skip to main content


The NSF Public Access Repository (NSF-PAR) system and access will be unavailable from 10:00 PM ET on Friday, December 8 until 2:00 AM ET on Saturday, December 9 due to maintenance. We apologize for the inconvenience.

This content will become publicly available on January 1, 2024

Title: Indirectly Supervised Natural Language Processing
This tutorial targets researchers and practitioners who are interested in ML technologies for NLP from indirect supervision. In particular, we will present a diverse thread of indirect supervision studies that try to answer the following questions: (i) when and how can we provide supervision for a target task T, if all we have is data that corresponds to a “related” task T′? (ii) humans do not use exhaustive supervision; they rely on occasional feedback, and learn from incidental signals from various sources; how can we effectively incorporate such supervision in machine learning? (iii) how can we leverage multi-modal supervision to help NLP? To the end, we will discuss several lines of research that address those challenges, including (i) indirect supervision from T ′ that handles T with outputs spanning from a moderate size to an open space, (ii) the use of sparsely occurring and incidental signals, such as partial labels, noisy labels, knowledge-based constraints, and cross-domain or cross-task annotations—all having statistical associations with the task, (iii) principled ways to measure and understand why these incidental signals can contribute to our target tasks, and (iv) indirect supervision from vision-language signals. We will conclude the tutorial by outlining directions for further investigation.  more » « less
Award ID(s):
Author(s) / Creator(s):
; ; ; ; ;
Date Published:
Journal Name:
Proceedings of the 61st Annual Meeting of the Association for Computational Linguistics (Volume 6: Tutorial Abstracts)
Page Range / eLocation ID:
32 to 40
Medium: X
Sponsoring Org:
National Science Foundation
More Like this
  1. This tutorial targets researchers and practitioners who are interested in AI and ML technologies for structural information extraction (IE) from unstructured textual sources. Particularly, this tutorial will provide audience with a systematic introduction to recent advances of IE, by answering several important research questions. These questions include (i) how to develop an robust IE system from noisy, insufficient training data, while ensuring the reliability of its prediction? (ii) how to foster the generalizability of IE through enhancing the system’s cross-lingual, cross-domain, cross-task and cross-modal transferability? (iii) how to precisely support extracting structural information with extremely fine-grained, diverse and boundless labels? (iv) how to further improve IE by leveraging indirect supervision from other NLP tasks, such as NLI, QA or summarization, and pre-trained language models? (v) how to acquire knowledge to guide the inference of IE systems? We will discuss several lines of frontier research that tackle those challenges, and will conclude the tutorial by outlining directions for further investigation.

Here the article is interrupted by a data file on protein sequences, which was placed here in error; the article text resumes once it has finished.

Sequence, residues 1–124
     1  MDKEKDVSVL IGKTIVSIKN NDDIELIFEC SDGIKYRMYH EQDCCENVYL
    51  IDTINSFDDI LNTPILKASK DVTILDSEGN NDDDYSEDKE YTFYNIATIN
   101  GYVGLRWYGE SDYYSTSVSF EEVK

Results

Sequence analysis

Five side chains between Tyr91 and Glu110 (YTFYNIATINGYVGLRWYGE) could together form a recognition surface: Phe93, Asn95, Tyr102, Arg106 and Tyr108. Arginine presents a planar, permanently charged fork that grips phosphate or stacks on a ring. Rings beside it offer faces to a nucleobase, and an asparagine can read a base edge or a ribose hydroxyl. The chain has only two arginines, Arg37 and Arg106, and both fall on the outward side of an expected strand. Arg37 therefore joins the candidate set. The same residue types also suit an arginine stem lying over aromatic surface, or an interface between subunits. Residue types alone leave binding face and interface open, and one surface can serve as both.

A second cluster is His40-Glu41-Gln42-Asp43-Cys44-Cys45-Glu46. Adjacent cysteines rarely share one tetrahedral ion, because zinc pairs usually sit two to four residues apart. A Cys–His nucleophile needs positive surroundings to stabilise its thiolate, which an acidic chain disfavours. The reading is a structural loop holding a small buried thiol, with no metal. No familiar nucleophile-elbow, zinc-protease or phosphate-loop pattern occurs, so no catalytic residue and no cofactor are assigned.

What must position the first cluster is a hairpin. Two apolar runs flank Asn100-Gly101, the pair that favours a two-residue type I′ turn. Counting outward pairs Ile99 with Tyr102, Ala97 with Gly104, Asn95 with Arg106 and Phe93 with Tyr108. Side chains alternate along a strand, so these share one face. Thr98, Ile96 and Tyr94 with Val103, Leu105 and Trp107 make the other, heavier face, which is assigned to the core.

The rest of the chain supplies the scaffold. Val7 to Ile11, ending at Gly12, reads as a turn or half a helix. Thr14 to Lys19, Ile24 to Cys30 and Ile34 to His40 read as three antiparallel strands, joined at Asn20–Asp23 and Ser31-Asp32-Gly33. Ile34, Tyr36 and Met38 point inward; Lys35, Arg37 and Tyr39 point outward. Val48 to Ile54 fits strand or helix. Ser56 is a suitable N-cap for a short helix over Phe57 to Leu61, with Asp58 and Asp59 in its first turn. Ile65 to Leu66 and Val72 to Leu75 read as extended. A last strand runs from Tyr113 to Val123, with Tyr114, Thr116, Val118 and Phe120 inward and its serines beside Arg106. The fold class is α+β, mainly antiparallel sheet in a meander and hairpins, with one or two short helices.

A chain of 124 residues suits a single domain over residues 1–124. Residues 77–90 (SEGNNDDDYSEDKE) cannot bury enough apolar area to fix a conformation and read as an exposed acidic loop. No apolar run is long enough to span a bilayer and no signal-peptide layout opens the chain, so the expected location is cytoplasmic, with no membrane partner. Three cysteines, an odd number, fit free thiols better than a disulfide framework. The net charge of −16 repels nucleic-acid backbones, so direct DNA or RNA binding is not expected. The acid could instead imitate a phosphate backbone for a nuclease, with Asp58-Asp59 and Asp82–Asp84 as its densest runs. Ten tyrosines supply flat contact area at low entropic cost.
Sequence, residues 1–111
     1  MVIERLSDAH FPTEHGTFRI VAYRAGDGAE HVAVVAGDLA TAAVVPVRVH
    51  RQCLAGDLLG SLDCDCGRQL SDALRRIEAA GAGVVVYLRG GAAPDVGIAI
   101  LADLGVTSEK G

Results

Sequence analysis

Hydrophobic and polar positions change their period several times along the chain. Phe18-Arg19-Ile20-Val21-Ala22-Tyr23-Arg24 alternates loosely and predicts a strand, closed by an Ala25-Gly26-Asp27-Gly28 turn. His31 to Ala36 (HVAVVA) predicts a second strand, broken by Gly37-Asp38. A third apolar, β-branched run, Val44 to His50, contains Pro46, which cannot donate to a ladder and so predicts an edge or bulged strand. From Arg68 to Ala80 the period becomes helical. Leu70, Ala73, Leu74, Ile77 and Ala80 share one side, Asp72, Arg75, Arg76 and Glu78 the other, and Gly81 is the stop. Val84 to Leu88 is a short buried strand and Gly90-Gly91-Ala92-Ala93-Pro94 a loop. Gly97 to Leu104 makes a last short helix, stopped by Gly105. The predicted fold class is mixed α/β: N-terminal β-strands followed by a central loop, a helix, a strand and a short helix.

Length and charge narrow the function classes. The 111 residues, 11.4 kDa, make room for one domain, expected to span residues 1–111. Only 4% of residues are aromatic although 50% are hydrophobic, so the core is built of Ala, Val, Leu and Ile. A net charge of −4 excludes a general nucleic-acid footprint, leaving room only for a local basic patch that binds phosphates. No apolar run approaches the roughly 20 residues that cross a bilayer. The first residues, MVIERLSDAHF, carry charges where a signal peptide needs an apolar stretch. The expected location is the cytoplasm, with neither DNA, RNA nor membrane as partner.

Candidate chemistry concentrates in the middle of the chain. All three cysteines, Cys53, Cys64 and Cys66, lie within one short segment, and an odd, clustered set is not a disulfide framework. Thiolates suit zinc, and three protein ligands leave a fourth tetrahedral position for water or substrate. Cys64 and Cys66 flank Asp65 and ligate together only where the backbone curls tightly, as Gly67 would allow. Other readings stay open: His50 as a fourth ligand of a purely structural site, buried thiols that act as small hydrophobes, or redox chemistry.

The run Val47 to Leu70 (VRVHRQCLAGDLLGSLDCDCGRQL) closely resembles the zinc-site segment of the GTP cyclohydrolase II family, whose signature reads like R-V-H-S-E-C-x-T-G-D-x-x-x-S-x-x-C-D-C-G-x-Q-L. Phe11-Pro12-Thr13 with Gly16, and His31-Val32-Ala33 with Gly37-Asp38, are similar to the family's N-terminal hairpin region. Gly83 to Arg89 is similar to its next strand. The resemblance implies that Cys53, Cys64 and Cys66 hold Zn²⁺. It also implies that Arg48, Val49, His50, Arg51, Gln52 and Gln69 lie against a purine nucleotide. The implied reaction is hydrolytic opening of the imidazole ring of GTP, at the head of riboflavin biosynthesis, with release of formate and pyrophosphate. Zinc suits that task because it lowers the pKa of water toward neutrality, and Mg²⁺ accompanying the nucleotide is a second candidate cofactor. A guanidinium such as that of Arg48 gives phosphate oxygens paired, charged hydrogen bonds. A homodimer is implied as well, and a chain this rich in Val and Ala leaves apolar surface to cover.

more » « less
  2. We explore the effect of auxiliary labels in improving the classification accuracy of wearable sensor-based human activity recognition (HAR) systems, which are primarily trained with the supervision of the activity labels (e.g. running, walking, jumping). Supplemental meta-data are often available during the data collection process such as body positions of the wearable sensors, subjects' demographic information (e.g. gender, age), and the type of wearable used (e.g. smartphone, smart-watch). This information, while not directly related to the activity classification task, can nonetheless provide auxiliary supervision and has the potential to significantly improve the HAR accuracy by providing extra guidance on how to handle the introduced sample heterogeneity from the change in domains (i.e positions, persons, or sensors), especially in the presence of limited activity labels. However, integrating such meta-data information in the classification pipeline is non-trivial - (i) the complex interaction between the activity and domain label space is hard to capture with a simple multi-task and/or adversarial learning setup, (ii) meta-data and activity labels might not be simultaneously available for all collected samples. To address these issues, we propose a novel framework Conditional Domain Embeddings (CoDEm). From the available unlabeled raw samples and their domain meta-data, we first learn a set of domain embeddings using a contrastive learning methodology to handle inter-domain variability and inter-domain similarity. To classify the activities, CoDEm then learns the label embeddings in a contrastive fashion, conditioned on domain embeddings with a novel attention mechanism, enforcing the model to learn the complex domain-activity relationships. We extensively evaluate CoDEm in three benchmark datasets against a number of multi-task and adversarial learning baselines and achieve state-of-the-art performance in each avenue. 
    more » « less
  3. Waleed Khalil (Ed.)